FINISHING ON A HIGH
An even earlier start this morning as the alarm went off at 6am. We were keen to leave for Snowdon by 7.30am to give ourselves plenty of contingency time in case of any problems and keen not to be late for friends, family and CRUK staff who were joining us there. The weather forecast looked reasonably promising – no heavy rains, but some strong winds en route and even stronger at the top of Snowdon. After the deep disappointment of the previous day, we were now feeling excited at completing the challenge and so looking forward to meeting those who’d be joining us.We’d prepared most of our gear the previous evening. However, we had not prepared Rubes and Roberto as the weather had been so dreadful.There had been no stable for them the previous night, so they had been in a garden, behind a couple of high gates, chained to a heavy garden chair. It was a relief that they were still there when we went out to get them ready for their final 20 miles. We were leaving too early to eat breakfast in the accommodation, so ate bananas and seed bars in preparation for the journey.
At 7.10am we had a live telephone interview with BBC Radio Oxford about our story and challenge. We weren’t aware that Emma (Director of Policy at CRUK) was also going to be on the line and part of the interview. It was great to hear her voice as she and a colleague, Rose, were joining us later. The interview starts at 1:09:20
Having completed the interview we scooted out to be met by Jackie and friend Caroline, who had joined us the previous evening. They gave the final wave off and “Good luck” as we pedalled upwards towards the PYG Hotel, 1 mile from where we’d start hiking up Snowdon and where we’d meet others who were joining us.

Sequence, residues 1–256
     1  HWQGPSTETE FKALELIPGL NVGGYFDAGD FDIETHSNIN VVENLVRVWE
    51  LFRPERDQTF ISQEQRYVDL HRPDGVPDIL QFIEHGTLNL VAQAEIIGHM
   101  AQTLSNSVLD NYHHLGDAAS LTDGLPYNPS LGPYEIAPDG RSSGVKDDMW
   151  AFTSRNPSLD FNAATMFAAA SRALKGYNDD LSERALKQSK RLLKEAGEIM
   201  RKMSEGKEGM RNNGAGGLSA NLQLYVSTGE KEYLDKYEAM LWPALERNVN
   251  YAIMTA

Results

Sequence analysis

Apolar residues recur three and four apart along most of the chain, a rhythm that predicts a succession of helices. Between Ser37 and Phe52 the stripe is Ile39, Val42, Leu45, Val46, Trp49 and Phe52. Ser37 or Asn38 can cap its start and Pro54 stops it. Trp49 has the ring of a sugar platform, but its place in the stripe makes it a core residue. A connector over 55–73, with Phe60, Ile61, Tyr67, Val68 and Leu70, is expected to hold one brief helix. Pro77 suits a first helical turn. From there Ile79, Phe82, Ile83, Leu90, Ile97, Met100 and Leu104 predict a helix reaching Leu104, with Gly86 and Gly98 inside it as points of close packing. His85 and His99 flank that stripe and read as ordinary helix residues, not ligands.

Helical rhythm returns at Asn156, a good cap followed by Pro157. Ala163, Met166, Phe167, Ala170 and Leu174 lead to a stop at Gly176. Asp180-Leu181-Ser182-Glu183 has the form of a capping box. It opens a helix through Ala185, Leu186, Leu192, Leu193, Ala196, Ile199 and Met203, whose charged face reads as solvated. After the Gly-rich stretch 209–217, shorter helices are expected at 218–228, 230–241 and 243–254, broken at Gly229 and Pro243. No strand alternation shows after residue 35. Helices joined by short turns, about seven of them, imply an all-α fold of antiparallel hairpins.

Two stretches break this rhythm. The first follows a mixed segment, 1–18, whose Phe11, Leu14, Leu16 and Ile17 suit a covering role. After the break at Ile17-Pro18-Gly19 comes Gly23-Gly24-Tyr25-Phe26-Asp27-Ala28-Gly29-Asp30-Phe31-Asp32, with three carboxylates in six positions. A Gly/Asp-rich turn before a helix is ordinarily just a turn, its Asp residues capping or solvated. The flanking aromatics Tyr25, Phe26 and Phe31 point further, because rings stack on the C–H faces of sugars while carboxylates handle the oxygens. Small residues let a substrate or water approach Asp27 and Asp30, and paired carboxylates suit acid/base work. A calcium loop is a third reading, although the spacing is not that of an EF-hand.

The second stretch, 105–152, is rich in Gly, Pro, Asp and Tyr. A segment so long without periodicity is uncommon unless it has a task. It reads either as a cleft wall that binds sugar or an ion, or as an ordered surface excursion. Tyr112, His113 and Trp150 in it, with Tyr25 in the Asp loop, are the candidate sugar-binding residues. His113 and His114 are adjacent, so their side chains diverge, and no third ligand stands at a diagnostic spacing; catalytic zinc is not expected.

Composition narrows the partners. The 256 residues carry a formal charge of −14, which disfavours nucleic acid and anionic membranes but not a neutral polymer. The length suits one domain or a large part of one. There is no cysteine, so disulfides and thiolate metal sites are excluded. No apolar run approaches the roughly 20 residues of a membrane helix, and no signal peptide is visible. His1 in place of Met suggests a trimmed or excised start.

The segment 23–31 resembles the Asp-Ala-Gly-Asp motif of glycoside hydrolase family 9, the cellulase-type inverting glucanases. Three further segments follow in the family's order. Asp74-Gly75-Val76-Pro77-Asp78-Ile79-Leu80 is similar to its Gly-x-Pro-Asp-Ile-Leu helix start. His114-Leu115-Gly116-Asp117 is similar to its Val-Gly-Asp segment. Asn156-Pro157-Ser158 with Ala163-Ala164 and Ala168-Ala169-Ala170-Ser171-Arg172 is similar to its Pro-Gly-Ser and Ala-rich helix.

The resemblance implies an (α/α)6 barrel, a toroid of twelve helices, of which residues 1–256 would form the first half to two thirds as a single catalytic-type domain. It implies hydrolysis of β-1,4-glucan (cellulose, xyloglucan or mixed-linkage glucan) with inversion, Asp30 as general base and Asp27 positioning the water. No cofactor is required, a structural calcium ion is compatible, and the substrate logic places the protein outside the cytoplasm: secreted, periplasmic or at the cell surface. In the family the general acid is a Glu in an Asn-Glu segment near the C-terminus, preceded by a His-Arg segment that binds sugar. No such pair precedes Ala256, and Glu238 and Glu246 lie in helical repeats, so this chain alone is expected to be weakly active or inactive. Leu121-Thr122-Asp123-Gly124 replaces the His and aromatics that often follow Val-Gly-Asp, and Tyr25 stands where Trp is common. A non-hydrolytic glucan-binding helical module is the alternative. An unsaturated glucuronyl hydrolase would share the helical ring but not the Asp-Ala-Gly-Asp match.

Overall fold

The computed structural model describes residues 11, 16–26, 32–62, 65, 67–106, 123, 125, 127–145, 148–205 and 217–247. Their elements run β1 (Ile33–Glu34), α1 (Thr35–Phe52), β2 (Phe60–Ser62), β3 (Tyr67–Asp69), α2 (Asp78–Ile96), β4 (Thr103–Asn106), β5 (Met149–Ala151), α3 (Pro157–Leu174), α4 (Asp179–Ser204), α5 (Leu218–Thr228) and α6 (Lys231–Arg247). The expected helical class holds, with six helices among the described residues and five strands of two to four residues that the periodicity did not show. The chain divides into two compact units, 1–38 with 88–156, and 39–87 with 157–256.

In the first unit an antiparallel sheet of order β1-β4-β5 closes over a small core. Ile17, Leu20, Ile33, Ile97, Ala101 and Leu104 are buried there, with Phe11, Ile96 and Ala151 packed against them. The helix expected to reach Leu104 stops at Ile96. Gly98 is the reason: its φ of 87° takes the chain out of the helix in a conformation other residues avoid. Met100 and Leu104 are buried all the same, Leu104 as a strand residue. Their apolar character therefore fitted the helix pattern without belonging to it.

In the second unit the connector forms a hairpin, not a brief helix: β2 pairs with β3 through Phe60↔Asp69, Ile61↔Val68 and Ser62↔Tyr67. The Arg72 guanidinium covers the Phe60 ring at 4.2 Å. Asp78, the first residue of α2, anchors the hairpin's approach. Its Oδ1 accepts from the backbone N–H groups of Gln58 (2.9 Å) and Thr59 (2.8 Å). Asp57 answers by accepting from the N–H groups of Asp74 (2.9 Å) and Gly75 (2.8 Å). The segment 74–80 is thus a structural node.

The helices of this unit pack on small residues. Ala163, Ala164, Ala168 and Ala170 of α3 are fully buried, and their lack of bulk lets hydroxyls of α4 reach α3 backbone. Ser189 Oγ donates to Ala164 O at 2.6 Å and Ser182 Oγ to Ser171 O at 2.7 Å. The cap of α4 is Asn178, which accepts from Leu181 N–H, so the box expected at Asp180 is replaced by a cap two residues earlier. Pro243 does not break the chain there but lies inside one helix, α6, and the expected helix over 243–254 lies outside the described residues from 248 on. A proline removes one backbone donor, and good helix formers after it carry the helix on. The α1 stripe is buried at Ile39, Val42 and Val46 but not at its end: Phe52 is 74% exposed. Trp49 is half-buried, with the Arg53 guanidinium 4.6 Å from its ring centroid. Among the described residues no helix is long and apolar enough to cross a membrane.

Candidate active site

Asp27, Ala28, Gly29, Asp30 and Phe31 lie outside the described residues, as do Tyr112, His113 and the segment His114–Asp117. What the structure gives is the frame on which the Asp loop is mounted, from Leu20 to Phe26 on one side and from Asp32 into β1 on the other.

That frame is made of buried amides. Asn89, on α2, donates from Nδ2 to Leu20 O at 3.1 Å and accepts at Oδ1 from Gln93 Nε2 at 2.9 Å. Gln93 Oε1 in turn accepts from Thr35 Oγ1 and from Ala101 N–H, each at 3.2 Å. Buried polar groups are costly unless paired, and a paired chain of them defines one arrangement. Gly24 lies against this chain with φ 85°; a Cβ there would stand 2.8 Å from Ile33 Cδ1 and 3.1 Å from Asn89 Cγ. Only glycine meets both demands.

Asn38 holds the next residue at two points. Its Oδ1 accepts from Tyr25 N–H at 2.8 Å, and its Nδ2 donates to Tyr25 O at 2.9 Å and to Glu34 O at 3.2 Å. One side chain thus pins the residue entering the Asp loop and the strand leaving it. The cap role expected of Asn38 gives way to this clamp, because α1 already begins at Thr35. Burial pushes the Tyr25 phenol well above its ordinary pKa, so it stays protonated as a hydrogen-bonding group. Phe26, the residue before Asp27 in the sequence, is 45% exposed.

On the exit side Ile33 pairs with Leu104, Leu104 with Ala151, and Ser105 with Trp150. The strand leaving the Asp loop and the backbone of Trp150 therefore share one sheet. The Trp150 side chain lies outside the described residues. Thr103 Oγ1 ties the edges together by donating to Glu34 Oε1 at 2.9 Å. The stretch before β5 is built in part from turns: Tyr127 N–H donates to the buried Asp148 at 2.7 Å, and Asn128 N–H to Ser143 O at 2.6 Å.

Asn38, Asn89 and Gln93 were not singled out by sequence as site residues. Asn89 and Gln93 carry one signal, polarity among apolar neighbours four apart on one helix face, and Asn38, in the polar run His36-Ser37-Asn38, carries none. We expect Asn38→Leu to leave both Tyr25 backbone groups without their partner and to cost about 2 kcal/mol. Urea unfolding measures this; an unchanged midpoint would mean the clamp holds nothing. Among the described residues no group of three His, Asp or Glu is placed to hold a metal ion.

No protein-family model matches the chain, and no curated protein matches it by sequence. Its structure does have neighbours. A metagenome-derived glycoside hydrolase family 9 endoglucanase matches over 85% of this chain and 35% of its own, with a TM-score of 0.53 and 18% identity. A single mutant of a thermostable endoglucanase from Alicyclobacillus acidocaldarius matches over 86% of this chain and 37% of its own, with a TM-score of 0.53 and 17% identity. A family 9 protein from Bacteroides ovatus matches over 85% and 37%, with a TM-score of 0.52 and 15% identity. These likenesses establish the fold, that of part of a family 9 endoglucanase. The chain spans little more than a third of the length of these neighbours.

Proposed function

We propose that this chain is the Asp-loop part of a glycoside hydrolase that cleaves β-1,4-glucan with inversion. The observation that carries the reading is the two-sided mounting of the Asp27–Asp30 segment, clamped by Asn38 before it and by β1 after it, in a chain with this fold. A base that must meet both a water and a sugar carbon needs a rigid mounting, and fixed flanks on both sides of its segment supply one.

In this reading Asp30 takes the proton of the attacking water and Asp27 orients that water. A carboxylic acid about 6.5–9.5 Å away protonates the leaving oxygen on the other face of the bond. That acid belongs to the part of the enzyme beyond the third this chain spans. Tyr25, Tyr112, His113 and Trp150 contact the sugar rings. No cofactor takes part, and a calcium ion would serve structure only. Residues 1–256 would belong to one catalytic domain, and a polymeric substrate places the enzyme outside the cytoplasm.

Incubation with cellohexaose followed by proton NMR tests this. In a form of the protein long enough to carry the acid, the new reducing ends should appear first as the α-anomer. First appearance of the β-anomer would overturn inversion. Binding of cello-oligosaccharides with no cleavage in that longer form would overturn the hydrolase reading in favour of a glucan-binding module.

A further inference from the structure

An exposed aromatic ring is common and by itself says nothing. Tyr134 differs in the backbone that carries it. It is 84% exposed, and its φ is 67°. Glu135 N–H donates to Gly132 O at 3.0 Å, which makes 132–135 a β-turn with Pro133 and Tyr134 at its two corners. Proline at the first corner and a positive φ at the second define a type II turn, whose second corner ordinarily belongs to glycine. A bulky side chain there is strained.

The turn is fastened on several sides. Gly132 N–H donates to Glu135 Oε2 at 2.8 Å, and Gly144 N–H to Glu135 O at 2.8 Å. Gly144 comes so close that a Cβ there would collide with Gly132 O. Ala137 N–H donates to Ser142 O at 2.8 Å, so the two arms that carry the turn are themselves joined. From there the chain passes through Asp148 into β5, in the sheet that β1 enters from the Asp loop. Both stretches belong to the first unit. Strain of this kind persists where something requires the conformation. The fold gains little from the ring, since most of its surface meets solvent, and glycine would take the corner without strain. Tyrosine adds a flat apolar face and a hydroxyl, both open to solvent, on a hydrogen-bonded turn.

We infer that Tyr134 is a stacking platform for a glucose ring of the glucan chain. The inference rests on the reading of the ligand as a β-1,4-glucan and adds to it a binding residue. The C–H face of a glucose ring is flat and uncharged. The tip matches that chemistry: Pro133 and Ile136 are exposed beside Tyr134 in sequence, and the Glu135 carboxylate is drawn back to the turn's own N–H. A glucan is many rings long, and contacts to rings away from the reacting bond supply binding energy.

The first half of the journey was straightforward – there was hardly any traffic on the road, the surface was quite good, and it was very gently undulating. There was some breeze, but it wasn’t affecting us too much. All seemed good and worlds away from yesterday’s cycling. When we stopped for the call of nature, Patrick pointed and said “There are rainbows on this challenge!” A light shower followed, but nothing of any significance.
Once we reached Betys-y-coed we had 10 miles left and as we turned left and heading westwards and uphill. We were cycling straight into the strong wind. It was hard work, but the previous 7 days of cycling had improved our cycling fitness and with such a short distance left we knew we could this.
As we were passing through Capel Curig, we stopped off the the place we’d booked dinner for the evening to check everything was ok. We spotted Emma and Rose and disturbed their breakfast with hugs. It was to be a day of many hugs! When we left Capel Curig I watched the ‘Distance to destination’ figure decreasing on Gerry the Garmin and shouted the figure back to Patrick “5 left!”. With 4 miles to go Caroline appeared in a lay-by and cheered us on. With 2.5 miles left friends Gill and Clem cheered us on, Caroline reappeared at the next lay-by -she’d had Paul Simon singing ‘Graceland’ at very high volume to motivate us, but because of the wind we couldn’t hear anything. Seeing friends motivated us and we felt good as we reached the PYG hotel.
The PYG hotel is an ‘interesting’ place. It was used by Hillary when he was in Snowdonia preparing for his Everest summit expedition in 1953 and some of it hasn’t been changed since then. We sat down with friends (Jock, Linda, Emma ad Rose had now joined us), had a brief chat about the morning , ate some tea and toast and then used the toilet to change from our cycling gear into hiking gear. We had the first branded group photo of the day before we all set off to walk 1 mile up the hill to the Pen-y-pass car park to meet the others.
More hugs as we met the rest of the Snowdon team in the cafe (Claire, Bec, Holly, Jon, Karen, Emily, David, Jo, Alex, Cally, Tim, Evie). We were touched by the number of people who’d travelled some distance to join us. It was heartwarming and it lifted our spirits further. Another feature of the day were the CRUK branded group photographs. Thank you Trefor (one of our CRUK Cancer Campaigns Ambassador colleagues), who travelled from his home in Anglesey to meet us at the cafe and wish us good luck up Snowdon.